Critical Mass : Transport Environment and Equity in the Twenty-first Century
Despite demanding enormous resources, transport policies are incapable of resolving basic problems of safety, health, welfare and congestion. This book, pointing out that car-dependency is shared throughout Europe, Asia and North America, argues that the problems can only be solved globally by a shared recognition of common needs. In addition, with transport inextricabley linked with consumerism and the lifestyles that car ownership has created, the book argues that the challenge is to replace the current technology with an alternative that is sustainable and will solve the fundamental problems of poverty, inequity and social development.
- Hardback | 288 pages
- 135 x 215 x 24.13mm | 410g
- 01 Nov 1997
- PLUTO PRESS
- London, United Kingdom
- 20 b&w photographs, figures, tables, notes, bibliography, index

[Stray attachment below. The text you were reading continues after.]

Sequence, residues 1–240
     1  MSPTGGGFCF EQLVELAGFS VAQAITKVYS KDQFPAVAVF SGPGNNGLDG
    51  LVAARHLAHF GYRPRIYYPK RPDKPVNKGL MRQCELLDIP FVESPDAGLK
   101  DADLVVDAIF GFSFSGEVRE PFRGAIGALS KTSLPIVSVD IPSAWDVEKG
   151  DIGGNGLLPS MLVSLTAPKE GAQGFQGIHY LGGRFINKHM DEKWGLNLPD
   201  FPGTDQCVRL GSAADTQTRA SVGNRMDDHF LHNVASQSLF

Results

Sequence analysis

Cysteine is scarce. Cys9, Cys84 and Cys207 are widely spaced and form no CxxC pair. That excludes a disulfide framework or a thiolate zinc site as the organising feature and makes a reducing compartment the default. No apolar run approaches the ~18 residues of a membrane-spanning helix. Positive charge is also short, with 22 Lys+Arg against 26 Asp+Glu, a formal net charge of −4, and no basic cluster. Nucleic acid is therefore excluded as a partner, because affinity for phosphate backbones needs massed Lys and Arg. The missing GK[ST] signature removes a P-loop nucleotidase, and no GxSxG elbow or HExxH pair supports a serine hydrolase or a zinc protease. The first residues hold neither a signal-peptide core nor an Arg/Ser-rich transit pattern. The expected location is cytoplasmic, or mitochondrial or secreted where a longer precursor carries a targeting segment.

Looking for beautiful books?
Visit our Beautiful Books page and find lovely books for kids, photography lovers and more. Shop now .
Table of contents
Perranporth and China; a Faustian bargain; free to choose and free to grow; a word with the driver; what time is this place?; what place is this time?; sustainability; environment; transport and equity; traffic and health; resolutions; solutions.
'A thought provoking look at today's car dependent society and the challenges to be faced in achieving a sustainable transport system.' --Habitat 'A thorough examination of all aspects of the transport crisis, setting out a great deal of relevant information.' --Labour Research Department 'A thought provoking look at today's car dependent society and the challenges to be faced in achieving a sustainable transport system.' --Habitat 'A thorough examination of all aspects of the transport crisis, setting out a great deal of relevant information.' --Labour Research Department
About J. Whitelegg
John Whitelegg is Professor of Environmental Studies at Liverpool John Moores University and Managing Director of the transport and environment consultancy Ecologica, based in Lancaster. He has written widely on transport issues.